Quarantines ordered by some US states for doctors and nurses returning from West African countries hit by Ebola have a "chilling effect" on aid work in those countries, aid group Doctors Without Borders (MSF) has said.
MSF told the Reuters news agency on Friday that the restrictions imposed by several states on returning doctors, were forcing some of their workers to delay their return to the US, to avoid facing stigmatisation and possible quarantine.
"There is rising anxiety and confusion among MSF staff members in the field over what they may face when they return home upon completion of their assignments in West Africa," Sophie Delaunay, executive director of MSF in the United States said.
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"Some people are being discouraged by their families from returning to the field," Delaunay said.
The governors of New York and New Jersey announced strict new screening rules at airports last Friday, including mandatory 21-day quarantines for people who have had contact with Ebola patients in West Africa
MSF's comments come after Craig Spencer, a doctor returning from West Africa, was hospitalised in New York City last week with the virus.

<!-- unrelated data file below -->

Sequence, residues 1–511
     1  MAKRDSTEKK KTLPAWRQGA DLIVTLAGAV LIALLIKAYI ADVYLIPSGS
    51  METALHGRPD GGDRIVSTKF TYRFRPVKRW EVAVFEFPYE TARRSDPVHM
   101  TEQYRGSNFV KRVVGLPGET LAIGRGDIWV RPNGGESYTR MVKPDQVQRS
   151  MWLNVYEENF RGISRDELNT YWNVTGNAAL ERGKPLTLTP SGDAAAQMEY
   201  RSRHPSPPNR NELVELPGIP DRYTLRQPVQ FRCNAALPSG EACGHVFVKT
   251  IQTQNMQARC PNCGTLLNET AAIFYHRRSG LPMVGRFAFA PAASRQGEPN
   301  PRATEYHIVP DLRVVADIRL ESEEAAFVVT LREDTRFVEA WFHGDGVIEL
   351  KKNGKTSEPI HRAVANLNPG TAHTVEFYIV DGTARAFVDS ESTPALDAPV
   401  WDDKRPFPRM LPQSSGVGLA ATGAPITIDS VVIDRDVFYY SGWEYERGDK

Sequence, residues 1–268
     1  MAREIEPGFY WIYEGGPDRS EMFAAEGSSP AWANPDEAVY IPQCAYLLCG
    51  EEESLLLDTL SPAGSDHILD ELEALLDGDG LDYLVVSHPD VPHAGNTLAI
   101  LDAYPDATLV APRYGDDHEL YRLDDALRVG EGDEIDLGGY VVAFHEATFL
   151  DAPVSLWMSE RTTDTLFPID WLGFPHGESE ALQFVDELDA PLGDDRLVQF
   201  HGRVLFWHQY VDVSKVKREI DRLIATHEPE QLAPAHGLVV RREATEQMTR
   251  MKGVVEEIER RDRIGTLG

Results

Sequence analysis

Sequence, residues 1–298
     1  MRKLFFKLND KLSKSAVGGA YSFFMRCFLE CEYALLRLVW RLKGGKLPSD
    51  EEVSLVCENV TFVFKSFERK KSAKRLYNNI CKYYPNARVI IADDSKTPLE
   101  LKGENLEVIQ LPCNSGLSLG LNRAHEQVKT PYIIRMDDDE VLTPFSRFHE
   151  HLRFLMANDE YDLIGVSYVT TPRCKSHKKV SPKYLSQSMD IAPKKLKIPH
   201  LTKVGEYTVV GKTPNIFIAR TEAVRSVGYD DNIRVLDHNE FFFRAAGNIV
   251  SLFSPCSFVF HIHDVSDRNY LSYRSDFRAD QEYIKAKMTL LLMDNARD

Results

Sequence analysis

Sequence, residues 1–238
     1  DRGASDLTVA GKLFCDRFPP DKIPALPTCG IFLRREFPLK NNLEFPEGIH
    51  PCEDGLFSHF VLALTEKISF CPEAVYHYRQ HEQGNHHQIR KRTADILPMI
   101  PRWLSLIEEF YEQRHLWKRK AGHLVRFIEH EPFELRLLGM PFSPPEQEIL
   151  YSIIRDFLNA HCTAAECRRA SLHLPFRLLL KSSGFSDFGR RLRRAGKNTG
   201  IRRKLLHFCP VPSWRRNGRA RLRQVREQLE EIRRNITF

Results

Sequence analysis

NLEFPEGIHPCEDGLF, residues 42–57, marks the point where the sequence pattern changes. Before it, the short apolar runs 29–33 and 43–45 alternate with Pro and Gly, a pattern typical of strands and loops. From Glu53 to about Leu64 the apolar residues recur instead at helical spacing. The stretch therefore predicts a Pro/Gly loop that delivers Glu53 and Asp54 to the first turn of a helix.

Then, last Friday, Kaci Hickox, a nurse who worked for MSF in Sierra Leone, was confined to a tent against her will for several days after arriving at Newark Liberty International Airport in New Jersey. Hickox, who tested negative for Ebola and says she is completely healthy, has mounted a personal protest against the quarantine policy.
'Not grounded in science'
MSF said they were discussing whether to shorten some Ebola assignments from their current duration of four to six weeks. Aid workers typically begin and end their assignments in Brussels, the Belgian capital, a spokesman said.
Last weekend, US President Barack Obama's administration criticised the quarantining of healthy people as "not grounded in science," echoing criticisms from public health experts.
Delaunay's comments on Thursday are the most substantive criticism of the rules since they were announced, suggesting they are reducing MSF's manpower and forcing American workers into temporary exile in Europe.
MSF says the policies have also created a misconception that healthcare workers are endangering the public, even though a person who does not have symptoms cannot spread the virus.
The aid group had already made a policy of asking its workers not to return to their regular jobs for 21 days after finishing an Ebola assignment. It pays them wages for that time.
Delaunay, the MSF director, also said there were fears among its workers that other countries may follow the example set by some US states.
About 5,000 people have died from Ebola over the past six months, particularly in Liberia, Guinea and Sierra Leone.
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